In the Long run: It’s a hooper’s world

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In the Long run: It’s a hooper’s world

Michael Long

Michael Long

Michael Long

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Baseball has officially been in the rearview mirror of America for some time now. Today, many consider football to be America’s sport, but I don’t buy it. To me, America’s sport was created in 1891 by Dr. James Naismith. Basketball.

Basketball currently sits as America’s second-most-watched sport behind football. Being the second-most-watched sport in the country isn’t something to look down on or anything, but many of you may wonder how I could consider giving the label of “America’s” sport to any sport but the most-watched one. Hear me out.

Football may be the king of viewership now, but it’s on its way down. Last year’s Super Bowl had the least views since 2009 according to the Wall Street Journal. Plus, since 2015, viewership in the NFL has continued to decline every year up to this season, which has experienced a 3 percent jump.

What turns me and many others off about the NFL is issues between the players and the organization. First, there’s the way the league handled the Colin Kaepernick situation, which was, in short, not well. The man was courageously exercising his rights and has been shunned out of the league. With that kind of treatment of a person exercising their First Amendment rights as an American, I don’t see how the NFL can be seen as America’s sport. It’s literally un-American.

There are also incidents within the NFL with dissatisfied players. Some players, like Le’Veon Bell, are so unhappy with how they’re being handled by their teams that they refuse to play. Bell actually missed an entire season because he and his former team, the Pittsburgh Steelers, couldn’t come to an agreement on his contract. If the NFL can’t even keep it’s players happy, it can’t expect to keep it’s viewers happy too.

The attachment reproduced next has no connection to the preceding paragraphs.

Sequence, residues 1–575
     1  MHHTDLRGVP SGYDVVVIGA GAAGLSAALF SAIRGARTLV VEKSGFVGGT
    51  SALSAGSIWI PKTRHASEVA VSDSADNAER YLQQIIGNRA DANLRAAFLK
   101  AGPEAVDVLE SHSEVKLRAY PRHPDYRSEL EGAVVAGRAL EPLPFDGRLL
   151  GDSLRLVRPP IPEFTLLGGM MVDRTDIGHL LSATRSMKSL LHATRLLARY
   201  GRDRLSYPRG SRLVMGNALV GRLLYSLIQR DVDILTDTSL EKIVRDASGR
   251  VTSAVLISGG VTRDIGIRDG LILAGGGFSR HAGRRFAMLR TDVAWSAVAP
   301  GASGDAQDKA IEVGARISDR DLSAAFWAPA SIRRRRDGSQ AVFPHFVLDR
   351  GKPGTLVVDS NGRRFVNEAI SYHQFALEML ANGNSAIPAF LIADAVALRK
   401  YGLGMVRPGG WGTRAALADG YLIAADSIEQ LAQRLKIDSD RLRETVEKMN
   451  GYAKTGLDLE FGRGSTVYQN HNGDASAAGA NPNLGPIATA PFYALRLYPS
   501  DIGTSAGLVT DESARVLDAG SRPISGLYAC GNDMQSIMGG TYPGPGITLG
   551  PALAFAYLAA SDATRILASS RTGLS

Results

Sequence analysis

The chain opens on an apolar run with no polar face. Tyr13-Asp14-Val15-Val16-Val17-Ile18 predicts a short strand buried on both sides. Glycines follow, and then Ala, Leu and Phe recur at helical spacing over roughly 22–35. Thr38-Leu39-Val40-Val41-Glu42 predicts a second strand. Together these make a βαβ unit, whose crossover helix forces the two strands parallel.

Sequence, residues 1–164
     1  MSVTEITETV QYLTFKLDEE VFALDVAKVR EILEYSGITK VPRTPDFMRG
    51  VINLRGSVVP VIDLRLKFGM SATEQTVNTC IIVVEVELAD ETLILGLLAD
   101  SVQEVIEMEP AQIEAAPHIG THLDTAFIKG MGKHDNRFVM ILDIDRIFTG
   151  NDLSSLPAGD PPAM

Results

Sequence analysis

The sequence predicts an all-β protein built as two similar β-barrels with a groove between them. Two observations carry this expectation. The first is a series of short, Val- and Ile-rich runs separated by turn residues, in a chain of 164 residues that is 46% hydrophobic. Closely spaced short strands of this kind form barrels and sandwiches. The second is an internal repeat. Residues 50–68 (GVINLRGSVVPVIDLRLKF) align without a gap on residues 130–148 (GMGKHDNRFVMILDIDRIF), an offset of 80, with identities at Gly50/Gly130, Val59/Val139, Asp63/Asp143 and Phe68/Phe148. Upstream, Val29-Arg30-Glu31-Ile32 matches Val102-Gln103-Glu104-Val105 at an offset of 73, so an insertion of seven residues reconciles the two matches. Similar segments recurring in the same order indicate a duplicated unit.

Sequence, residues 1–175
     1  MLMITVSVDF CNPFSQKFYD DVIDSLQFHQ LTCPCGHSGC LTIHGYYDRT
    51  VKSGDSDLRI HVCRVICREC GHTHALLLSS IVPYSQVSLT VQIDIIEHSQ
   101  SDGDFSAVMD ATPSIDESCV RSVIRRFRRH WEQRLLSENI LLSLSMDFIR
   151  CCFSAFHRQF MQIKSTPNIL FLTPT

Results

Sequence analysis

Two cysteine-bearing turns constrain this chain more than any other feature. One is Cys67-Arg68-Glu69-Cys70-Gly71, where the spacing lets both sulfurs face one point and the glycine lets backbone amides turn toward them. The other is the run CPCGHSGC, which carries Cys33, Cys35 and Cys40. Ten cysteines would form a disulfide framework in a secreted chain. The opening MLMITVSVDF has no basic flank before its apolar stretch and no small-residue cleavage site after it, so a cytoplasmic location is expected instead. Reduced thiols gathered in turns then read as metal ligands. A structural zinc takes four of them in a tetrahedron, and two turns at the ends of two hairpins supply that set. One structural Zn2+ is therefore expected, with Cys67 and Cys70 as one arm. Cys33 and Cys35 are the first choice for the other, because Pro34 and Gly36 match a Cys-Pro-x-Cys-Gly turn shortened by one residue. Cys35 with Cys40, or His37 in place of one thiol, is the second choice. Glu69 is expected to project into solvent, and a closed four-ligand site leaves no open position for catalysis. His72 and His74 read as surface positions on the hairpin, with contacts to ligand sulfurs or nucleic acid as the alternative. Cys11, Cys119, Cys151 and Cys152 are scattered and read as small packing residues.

While the NFL has been struggling with these issues and more of their viewers have been disappearing, the NBA has grown in viewers. An interesting fact, according to Forbes, is the average NBA fan is eight years younger than the average NFL fan. To me, this shows how basketball is more of a young person’s sport. In fact, according to ESPN, basketball is the top sport among America’s youth, America’s future.

I think the reasons for that is just the nature of the sport. Basketball and the culture surrounding it is electrifying and as hyped as could be, especially in today’s world, where it always seems like the sickest basketball plays by high schoolers, college players and pros are being thrown in your face on social media. Basketball is a loud sport. Louder than all the rest, which is why I consider it to be America’s sport.

It also has the biggest impact on American culture, especially in the youth. The way basketball stars impact rap music, the most popular music genre in our generation, is huge. Basketball stars are name dropped in countless rap songs, and for some reason, that line can make the song 10 times harder. Heck, one of the most hyped songs right now that we all know is “Mo Bamba” by Sheck Wes, is literally named after Orlando Magic’s rookie big man, and is almost a tribute to him.

Basketball’s impact on fashion is insane too. The tunnels in every stadium and fieldhouse have turned into a runway for professional players, where they can show off their drippiest outfits to the world of photographers ready to publish their photos all over social media. Plus, their shoes have taken over. Ever since Michael Jordan made wearing a basketball shoe for everyday purposes a big thing, they’ve exploded and allowed people to express themselves through their footwear.

Basketball’s cultural impact has grabbed the youth and sucked us into it’s exciting vortex. If you don’t see it as America’s sport now, just wait. You’ll see a few years down the road how amazing this game is.

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